Mental health issues holding students back

The extent to which mental health disorders are affecting student outcomes is concerning, but it’s not just up to teachers to address the issue, Journalist Sara El Sayed writes.

A recent study conducted by the University of Western Australia (UWA) found that students with mental disorders were more likely to have poorer academic outcomes, more absences from school, and were more likely to self harm.

The survey found mental disorders – including anxiety disorders, major depressive disorder, conduct disorder and attention deficit hyperactivity disorder (ADHD) – affected one in seven students, and students with mental disorders scored lower on average than students without mental disorders in every test domain and year level.

Dr David Lawrence of UWA said that if mental disorders persist throughout school, the gap in achievement widens significantly.

“Particularly for children with ADHD, when the mental disorder persists, the gap in performance is quite significant – they are, on average, years behind students without mental disorders.

“Mental disorders are so common – an estimated over half a million Australian children and young people are affected by a mental disorder every year.”

Students with a mental disorder in Year 3 were found to be, on average, seven to 11 months behind students with no mental disorder.

By Year 9 the gap widens, making 14 year-olds with mental disorders 1.5 to 2.8 years behind their peers.

School attendance is also affected, with students in Years 1–6 with a mental disorder missing an average 12 days per year compared with eight days per year for students without a mental disorder.

Students in Years 7–12 missed an average 24 days per year if they had a mental disorder, compared with 11 days per year for those without mental disorders.

“What we also found was that about one in 10 students reported having self-harmed at some point in their life, with around one in 12 saying they had self harmed in the previous 12 months.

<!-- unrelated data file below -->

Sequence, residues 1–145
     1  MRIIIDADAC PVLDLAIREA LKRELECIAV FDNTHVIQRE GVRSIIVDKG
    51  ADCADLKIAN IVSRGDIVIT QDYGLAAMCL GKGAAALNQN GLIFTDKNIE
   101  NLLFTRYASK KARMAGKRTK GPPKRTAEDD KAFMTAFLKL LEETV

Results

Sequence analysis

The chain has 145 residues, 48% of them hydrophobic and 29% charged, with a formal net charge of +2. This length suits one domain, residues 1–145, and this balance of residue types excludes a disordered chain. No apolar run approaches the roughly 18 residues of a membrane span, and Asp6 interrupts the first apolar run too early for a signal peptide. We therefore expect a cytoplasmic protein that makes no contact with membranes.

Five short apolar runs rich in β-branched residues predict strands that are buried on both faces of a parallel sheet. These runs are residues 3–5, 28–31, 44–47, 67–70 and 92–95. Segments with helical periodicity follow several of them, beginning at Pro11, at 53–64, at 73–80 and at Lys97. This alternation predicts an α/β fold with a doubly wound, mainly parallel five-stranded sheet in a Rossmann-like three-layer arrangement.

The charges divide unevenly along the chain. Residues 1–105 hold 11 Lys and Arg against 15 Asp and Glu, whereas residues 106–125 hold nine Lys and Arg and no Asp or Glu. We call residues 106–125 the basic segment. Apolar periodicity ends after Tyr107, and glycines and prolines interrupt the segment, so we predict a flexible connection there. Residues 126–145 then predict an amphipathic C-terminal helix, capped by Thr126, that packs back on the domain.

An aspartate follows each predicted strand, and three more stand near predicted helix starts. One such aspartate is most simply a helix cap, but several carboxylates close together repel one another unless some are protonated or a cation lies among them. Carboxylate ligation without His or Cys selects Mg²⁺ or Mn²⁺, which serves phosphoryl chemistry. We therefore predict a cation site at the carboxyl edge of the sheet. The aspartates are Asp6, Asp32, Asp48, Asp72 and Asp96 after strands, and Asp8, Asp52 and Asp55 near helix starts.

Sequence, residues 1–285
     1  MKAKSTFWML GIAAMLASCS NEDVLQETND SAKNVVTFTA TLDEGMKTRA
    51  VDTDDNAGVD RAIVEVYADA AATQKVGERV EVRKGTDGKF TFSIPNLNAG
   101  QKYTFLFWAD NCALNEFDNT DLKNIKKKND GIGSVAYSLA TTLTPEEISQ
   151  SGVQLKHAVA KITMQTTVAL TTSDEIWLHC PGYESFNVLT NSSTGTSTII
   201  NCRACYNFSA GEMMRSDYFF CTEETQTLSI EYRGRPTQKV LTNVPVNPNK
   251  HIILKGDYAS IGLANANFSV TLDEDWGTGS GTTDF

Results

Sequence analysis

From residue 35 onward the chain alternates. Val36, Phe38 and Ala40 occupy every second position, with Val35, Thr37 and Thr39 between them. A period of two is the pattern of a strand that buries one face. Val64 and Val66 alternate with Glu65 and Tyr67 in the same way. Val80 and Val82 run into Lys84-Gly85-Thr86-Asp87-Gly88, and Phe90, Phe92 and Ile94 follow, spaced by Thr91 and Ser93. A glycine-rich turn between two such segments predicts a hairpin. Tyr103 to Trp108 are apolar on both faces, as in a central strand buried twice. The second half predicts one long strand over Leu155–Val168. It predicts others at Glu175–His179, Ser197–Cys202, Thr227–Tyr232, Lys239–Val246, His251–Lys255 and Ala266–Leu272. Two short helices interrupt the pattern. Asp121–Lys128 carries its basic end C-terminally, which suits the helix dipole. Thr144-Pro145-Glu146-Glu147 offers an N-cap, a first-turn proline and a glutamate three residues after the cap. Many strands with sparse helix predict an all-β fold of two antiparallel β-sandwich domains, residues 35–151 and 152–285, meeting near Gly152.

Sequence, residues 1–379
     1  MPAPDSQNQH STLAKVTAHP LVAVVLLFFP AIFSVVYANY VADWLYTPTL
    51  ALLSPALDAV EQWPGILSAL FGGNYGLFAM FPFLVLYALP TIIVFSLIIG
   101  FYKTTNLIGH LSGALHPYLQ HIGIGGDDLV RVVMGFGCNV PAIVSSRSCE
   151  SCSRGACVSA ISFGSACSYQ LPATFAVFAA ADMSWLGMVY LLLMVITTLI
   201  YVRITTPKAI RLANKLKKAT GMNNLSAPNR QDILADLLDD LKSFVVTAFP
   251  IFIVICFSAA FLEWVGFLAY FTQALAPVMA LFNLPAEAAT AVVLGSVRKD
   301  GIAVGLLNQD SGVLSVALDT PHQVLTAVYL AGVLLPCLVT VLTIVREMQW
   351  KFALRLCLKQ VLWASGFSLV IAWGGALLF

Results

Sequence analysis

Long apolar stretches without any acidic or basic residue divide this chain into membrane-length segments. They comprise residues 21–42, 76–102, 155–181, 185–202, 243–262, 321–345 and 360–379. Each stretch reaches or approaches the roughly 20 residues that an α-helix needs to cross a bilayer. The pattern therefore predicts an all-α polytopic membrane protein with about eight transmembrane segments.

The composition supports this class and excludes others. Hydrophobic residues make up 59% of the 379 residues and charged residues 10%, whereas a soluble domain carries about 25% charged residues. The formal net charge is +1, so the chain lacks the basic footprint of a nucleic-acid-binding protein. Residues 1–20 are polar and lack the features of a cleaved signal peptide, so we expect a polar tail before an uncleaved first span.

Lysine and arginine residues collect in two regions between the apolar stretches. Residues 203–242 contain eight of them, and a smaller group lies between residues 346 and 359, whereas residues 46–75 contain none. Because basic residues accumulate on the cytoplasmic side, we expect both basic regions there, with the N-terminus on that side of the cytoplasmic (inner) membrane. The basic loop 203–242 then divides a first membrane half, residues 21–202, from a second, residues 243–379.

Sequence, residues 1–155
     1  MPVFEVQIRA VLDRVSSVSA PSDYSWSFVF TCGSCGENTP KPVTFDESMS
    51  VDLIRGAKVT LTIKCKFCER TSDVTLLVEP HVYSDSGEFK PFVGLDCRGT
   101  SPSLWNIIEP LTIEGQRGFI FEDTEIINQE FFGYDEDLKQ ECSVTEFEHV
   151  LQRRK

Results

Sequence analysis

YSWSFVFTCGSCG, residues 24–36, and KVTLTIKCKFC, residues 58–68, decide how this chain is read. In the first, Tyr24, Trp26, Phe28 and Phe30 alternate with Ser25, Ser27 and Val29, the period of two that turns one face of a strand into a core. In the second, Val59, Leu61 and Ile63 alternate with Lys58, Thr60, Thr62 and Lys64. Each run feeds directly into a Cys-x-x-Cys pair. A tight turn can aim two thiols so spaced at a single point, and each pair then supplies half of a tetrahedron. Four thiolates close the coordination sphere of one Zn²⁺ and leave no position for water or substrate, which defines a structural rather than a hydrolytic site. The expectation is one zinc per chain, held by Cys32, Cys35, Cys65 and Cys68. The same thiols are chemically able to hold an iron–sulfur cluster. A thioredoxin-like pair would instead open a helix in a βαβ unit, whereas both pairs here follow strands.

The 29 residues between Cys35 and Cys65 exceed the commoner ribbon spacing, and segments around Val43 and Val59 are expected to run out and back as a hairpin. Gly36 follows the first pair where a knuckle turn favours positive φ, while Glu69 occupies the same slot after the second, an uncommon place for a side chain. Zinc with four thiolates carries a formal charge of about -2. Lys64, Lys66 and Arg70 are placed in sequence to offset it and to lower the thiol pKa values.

“However, the students had the option of not answering the questions on self harm and about 5% took this option, which means that the number of young people who have ever self harmed could be higher than indicated in our survey.”

These figures, while deeply disturbing, would unfortunately come as no surprise to many working in the education sector.

Teachers aren’t mental health professionals

Lawrence said teachers are not trained mental health professionals – and shouldn’t be expected to operate as such.

“People don’t become teachers in order to diagnose and treat mental health conditions.

“It’s not really reasonable to give teachers that role.

“But mental disorders are so common that anyone who works in the teaching profession for a sufficient length of time is going to come across students with mental disorders.”

Lawrence said there are capacity issues when it comes to early intervention and specialist psychological services available in schools.

“There is often a significant gap of many years between when symptoms of a mental disorder first appear and when appropriate treatment commences.